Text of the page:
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8 Tips to test your new product or service

When I first thought about doing a beta-test of my new online course “From Your Passion to Your Business”, I wasn’t sure it was the right thing to do. I knew this process would have taken at least a month, I had no idea about the quality of the feedback I could receive from people I did not know, I even thought that giving the course free to so many potential customers wasn’t a wise idea. On the other hand, my priority was creating a high quality course that could be really helpful to all those people (and there are loads), who dream about creating their own business, but don’t know whether their idea has potential and/or do not know where to start. Hence, I went for it…

… and now I am so happy I did it! Why? First, my self-confidence has increased “a ton” thanks to the positive reaction of my testers to the course. Second, the quality of the feedback received has been of incredible value: I received useful comments and suggestions on the course’s structure, on the content of each lesson, on the way of presenting, on how to make some concepts clearer, on resources I could add, etc…

Here are 8 tips from my own experience in carrying out a beta-test.

  1. When you develop something new (a service, a product, an online shop, a website, a course, etc.), plan for the necessary time (and, eventually, budget) to have it tested. The benefits of a feedback definitely outweigh the extra time needed before launch.
  2. Beta testers you select should be your “ideal customers”. They should not be involved in your project / business in anyways, to make sure their judgment is unbiased. Moreover, they should preferably not know you personally: in this way, they will have no problems in telling you what they REALLY think about your product or service.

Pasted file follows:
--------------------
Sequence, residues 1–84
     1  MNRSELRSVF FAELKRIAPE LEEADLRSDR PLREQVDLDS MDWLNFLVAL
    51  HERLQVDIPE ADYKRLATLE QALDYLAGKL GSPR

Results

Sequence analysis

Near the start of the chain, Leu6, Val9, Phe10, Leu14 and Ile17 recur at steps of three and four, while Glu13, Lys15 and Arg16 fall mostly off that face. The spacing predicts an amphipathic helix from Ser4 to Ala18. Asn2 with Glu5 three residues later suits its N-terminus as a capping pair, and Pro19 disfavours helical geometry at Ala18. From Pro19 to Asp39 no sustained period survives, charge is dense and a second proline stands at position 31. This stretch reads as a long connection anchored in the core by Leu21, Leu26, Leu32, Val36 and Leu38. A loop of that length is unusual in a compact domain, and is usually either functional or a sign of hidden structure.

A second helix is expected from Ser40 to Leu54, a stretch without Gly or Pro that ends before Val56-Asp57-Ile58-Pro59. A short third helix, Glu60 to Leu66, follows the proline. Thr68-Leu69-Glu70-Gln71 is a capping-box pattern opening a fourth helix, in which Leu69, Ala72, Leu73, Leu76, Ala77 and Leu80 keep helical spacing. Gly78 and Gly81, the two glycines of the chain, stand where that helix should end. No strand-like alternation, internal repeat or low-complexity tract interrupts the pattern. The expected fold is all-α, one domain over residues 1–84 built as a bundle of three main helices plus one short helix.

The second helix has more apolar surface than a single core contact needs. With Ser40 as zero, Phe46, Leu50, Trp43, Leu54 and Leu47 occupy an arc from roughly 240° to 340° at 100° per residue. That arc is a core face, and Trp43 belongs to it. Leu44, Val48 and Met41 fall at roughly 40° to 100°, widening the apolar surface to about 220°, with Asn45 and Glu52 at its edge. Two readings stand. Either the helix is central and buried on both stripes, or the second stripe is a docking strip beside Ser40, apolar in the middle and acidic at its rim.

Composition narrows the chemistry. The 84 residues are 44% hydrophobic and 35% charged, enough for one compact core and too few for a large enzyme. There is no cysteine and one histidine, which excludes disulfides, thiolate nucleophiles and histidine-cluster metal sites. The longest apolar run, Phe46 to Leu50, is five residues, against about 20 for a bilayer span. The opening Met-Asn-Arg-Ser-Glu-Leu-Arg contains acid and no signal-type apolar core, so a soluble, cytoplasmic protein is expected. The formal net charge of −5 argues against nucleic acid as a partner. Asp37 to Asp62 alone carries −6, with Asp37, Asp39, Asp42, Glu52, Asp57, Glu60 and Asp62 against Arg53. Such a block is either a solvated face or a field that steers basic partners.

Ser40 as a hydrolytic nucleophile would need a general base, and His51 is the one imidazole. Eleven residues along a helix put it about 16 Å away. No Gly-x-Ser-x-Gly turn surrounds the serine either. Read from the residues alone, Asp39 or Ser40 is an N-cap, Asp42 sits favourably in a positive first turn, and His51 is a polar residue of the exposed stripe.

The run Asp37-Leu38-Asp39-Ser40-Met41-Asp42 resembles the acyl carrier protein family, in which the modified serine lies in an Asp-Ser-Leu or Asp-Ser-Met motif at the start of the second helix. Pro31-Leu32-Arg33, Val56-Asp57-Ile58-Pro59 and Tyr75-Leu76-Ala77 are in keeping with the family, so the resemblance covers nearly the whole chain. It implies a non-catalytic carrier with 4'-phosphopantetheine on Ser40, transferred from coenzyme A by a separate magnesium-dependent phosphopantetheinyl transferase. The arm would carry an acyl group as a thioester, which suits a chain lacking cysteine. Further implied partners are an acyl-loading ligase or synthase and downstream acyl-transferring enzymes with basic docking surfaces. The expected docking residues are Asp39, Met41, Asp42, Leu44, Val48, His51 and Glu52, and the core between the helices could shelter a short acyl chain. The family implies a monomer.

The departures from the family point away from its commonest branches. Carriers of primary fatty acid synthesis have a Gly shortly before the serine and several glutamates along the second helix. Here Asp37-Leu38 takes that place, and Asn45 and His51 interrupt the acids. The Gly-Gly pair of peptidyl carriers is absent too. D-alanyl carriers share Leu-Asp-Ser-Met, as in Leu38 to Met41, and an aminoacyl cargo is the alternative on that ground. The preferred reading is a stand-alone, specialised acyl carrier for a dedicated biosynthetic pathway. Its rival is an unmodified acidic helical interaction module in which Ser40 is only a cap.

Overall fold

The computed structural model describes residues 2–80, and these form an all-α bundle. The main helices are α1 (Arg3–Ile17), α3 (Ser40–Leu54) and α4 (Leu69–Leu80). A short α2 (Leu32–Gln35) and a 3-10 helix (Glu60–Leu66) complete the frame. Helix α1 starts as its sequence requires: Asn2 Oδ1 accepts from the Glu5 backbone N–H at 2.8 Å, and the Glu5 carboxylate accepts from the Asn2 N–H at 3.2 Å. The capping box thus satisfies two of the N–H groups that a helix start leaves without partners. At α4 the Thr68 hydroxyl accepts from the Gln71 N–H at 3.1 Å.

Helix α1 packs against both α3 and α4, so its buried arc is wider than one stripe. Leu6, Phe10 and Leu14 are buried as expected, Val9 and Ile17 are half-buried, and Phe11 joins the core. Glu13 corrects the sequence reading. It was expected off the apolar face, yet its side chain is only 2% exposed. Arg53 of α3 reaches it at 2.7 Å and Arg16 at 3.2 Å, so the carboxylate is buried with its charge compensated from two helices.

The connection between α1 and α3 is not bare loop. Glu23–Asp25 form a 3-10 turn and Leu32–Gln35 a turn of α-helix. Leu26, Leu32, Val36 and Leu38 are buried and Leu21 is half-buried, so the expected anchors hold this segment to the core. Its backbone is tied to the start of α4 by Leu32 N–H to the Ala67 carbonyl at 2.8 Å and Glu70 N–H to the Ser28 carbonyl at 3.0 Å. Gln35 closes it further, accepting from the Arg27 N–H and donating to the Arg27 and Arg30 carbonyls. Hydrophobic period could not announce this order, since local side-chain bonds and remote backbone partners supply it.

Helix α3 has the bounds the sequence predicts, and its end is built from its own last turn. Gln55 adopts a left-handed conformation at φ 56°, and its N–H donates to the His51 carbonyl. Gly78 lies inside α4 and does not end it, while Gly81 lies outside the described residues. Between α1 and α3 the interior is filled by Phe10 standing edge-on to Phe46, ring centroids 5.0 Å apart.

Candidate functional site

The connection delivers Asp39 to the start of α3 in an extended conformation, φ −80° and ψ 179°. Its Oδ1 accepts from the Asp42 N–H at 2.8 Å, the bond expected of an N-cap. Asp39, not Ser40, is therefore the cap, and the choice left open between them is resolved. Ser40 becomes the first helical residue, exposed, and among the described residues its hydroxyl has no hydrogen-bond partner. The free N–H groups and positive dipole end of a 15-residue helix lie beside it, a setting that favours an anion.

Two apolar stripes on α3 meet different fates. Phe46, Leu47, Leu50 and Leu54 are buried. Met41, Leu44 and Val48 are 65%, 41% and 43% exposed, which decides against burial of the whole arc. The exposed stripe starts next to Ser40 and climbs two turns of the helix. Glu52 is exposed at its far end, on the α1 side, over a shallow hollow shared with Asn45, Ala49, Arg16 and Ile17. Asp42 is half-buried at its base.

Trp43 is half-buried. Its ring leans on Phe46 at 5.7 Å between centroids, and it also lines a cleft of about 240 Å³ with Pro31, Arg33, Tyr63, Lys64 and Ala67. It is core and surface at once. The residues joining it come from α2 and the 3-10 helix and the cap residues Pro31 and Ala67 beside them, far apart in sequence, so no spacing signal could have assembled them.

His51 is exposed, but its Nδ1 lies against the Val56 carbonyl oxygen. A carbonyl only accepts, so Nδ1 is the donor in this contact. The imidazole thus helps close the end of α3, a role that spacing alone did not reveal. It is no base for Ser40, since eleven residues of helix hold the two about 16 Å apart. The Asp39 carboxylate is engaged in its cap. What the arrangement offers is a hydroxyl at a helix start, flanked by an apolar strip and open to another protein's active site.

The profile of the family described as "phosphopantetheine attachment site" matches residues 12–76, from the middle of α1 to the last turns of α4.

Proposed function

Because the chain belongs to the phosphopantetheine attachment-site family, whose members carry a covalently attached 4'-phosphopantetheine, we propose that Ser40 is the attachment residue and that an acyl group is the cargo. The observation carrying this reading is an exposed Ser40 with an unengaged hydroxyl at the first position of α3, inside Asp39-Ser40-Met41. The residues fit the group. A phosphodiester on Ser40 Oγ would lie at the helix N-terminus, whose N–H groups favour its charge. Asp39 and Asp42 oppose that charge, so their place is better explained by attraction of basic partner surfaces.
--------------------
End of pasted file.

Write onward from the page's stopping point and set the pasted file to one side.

3. Select your beta-testers carefully. You can prepare a short questionnaire / application form, share it (e.g. on social media), and decide based on people’s answers. Questions can include, for example: the reason why they want to become testers; their profile, to understand whether they belong to your target group; age, gender and /or nationality, to help you create a balanced group. From the answers, you can also get an idea of the type of feedback you can expect from these people (did they take the time to answer properly to your questions, or did they answer with just a couple of words full of typos?)
  4. Promise something in exchange. In my case, this was really easy (I gave them the on-line course for free). If you need to test something with no immediate benefit to the beta-testers, make sure you give them something at the end of the test (e.g. a free product from your online shop, a book on a relevant topic, a free 1-hour consultancy, etc.)
  5. Select more testers than you need: it is very likely that some will abandon along the way and/or will not provide a valuable feedback. For example, I selected 10 people from a total of 40 applicants and I ended up with 6 active beta-testers.
  6. Specify the max time they have to try your product or service and provide you with feedback. This is especially important if the test is time consuming (e.g. an online course). For example, I asked applicants to declare that they would complete the course within one month.
  7. Prepare specific questions to help your testers understand what you are particularly interested in, but always let them say everything else that they deem important.
  8. Encourage your testers along the way. For example, tell them more than once how much you appreciate their help, reply to their comments with a personal message, etc. This will keep them motivated and will bring you more insightful comments.

Thank you to Marta, Mohamed, Riikka, Battseren, Zara and Dominique for helping me transform a good online course into an excellent one!

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